alexa Reduced Room for Cardiac Vagal Modulation to Increase and Cardiac Sympathetic Modulation to Decrease by Resting in Football Players | OMICS International | Abstract
ISSN: 2155-9880

Journal of Clinical & Experimental Cardiology
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Research Article

Reduced Room for Cardiac Vagal Modulation to Increase and Cardiac Sympathetic Modulation to Decrease by Resting in Football Players

Wan-An Lu1,2, Yu-Chung Chen1and Cheng-Deng Kuo1*
1Laboratory of Biophysics, Department of Medical Research, Taipei Veterans General Hospital, Taipei, Taiwan
2Institute of Cultural Asset and Reinvention, Fo-Guang University, Yilan, Taiwan
Corresponding Author : Cheng-Deng Kuo
Laboratory of Biophysics
Department of Medical Research
Taipei Veterans General Hospital
Taipei, Taiwan
Tel: 886-2-28757745
E-mail: [email protected]
Received April 13, 2015; Accepted May 18, 2015; Published May 25, 2015
Citation: Lu WA, Chen YC and Kuo CD (2015) Reduced Room for Cardiac Vagal Modulation to Increase and Cardiac Sympathetic Modulation to Decrease by Resting in Football Players. J Clin Exp Cardiolog 6:372. doi:10.4172/2155-9880.1000372
Copyright: ©2015 Lu WA. This is an open-access article distributed under the terms of the Creative Commons Attribution License, which permits unrestricted use, distribution, and reproduction in any medium, provided the original author and source are credited
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Abstract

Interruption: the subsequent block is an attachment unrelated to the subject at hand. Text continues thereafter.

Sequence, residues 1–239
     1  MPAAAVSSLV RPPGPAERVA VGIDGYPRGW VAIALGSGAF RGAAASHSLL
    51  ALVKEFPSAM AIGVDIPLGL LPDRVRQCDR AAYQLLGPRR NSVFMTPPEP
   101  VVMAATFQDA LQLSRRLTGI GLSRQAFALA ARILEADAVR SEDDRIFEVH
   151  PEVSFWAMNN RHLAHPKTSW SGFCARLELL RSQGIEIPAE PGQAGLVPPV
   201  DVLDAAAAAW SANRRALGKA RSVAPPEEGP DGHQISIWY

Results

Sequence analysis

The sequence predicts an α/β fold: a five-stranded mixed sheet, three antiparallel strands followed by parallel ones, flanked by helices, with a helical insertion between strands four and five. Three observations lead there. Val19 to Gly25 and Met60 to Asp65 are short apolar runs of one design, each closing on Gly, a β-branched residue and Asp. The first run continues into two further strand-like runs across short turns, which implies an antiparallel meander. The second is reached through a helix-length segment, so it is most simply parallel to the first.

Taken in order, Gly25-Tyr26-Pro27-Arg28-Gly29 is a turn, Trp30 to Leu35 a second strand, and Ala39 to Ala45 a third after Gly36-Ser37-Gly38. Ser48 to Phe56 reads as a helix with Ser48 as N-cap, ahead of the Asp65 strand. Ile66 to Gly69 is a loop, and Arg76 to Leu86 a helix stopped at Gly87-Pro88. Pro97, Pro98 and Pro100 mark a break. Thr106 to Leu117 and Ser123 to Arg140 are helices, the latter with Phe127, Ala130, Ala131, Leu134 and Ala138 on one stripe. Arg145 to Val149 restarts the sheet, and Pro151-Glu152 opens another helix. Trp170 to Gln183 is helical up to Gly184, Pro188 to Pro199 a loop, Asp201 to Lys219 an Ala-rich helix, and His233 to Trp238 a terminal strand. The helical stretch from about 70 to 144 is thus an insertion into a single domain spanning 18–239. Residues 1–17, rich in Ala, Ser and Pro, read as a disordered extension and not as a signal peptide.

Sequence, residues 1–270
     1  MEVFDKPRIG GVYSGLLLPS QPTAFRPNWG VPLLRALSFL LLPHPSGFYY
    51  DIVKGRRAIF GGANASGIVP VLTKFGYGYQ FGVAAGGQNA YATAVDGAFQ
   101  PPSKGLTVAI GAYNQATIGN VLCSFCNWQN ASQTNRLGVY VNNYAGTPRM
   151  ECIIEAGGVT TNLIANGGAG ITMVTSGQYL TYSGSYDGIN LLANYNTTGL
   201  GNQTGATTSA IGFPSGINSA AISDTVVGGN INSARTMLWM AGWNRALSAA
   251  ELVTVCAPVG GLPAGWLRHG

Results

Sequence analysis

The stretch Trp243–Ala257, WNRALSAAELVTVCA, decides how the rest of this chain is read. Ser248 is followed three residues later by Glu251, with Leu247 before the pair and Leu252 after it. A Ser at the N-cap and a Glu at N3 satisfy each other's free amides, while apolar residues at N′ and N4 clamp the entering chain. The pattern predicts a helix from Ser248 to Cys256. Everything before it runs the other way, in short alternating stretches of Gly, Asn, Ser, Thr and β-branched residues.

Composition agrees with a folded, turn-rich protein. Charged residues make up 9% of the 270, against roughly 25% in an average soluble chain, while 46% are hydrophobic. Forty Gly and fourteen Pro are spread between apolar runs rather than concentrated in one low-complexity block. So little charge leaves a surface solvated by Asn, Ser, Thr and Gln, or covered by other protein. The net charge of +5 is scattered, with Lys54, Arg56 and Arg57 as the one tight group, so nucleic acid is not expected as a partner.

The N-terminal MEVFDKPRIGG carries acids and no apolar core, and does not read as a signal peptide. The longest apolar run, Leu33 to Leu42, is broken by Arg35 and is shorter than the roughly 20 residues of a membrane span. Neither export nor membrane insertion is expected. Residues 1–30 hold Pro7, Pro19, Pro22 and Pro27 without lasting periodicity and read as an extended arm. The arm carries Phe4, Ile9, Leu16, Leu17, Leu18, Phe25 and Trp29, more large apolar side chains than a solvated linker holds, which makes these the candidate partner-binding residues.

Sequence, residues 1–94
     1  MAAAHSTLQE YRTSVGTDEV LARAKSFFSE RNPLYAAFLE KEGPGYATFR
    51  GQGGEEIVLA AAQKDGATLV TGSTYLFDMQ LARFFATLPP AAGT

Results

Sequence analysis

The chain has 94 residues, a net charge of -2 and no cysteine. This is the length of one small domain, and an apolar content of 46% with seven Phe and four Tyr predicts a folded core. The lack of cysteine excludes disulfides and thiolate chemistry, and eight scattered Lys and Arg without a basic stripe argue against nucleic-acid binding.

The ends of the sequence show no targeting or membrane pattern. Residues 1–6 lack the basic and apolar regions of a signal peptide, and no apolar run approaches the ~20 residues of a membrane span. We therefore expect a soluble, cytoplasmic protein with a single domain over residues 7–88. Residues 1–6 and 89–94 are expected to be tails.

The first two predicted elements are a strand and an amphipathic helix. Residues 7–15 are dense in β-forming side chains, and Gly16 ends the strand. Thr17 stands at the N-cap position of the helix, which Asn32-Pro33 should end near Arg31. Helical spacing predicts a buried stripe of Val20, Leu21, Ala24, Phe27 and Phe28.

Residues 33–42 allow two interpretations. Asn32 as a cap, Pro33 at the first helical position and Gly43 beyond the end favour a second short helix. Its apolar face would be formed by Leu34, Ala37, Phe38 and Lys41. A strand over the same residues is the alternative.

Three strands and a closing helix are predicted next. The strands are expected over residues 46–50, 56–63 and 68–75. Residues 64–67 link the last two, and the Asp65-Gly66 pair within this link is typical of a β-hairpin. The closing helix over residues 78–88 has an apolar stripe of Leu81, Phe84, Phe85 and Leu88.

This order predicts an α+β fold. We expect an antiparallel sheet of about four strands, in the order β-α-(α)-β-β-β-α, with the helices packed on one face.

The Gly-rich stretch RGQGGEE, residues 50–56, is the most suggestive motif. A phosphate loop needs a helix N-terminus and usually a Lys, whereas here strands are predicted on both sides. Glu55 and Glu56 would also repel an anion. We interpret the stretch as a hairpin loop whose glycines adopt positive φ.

Background: This study investigated the cardiac autonomic nervous modulation of football (soccer) players at rest, and whether resting can change it further. Methods: The stationary state spectral heart rate variability (HRV) measures at rest and 60 and 90 min after baseline measurement were compared between football players and sedentary controls. The percentages of change in HRV measures 60 and 90 min after baseline measurement were also compared between football players and sedentary controls. Results: Seventeen football players and 17 sedentary normal subjects were recruited in this study. The total power (TP), very low frequency power (VLFP), low frequency power (LFP), high-frequency power (HFP) and normalized high-frequency power (nHFP) of football players at rest were all significantly higher, while both normalized low-frequency power (nLFP) and low-/high-frequency power ratio (LHR) of football players at rest were significantly lower than those of normal controls. Sixty and 90 min after baseline measurement, though the heart rate (HR) was significantly decreased and the standard deviation of RR intervals (SDRR), root mean squared successive difference (rMSSD), TP, VLFP, and HFP were all significantly increased in the control group, there were no significant changes in the HRV measures except that the HR was slightly decreased in the football players. Conclusion: The football players have increased vagal modulation and decreased sympathetic modulation at rest as compared to sedentary non-athletes. Although vagal modulation can be increased significantly by resting in the sedentary non-athlete, it cannot be increased significantly in the football players. The football players at rest seem to be already in a relatively relaxed state which cannot be relaxed further by further resting, whereas the nonathletes are not relaxed fully at rest and more rest can lead to further relaxation. The room for cardiac vagal modulation to increase and cardiac sympathetic modulation to decrease by resting is reduced in the football players relative to that of normal subjects.

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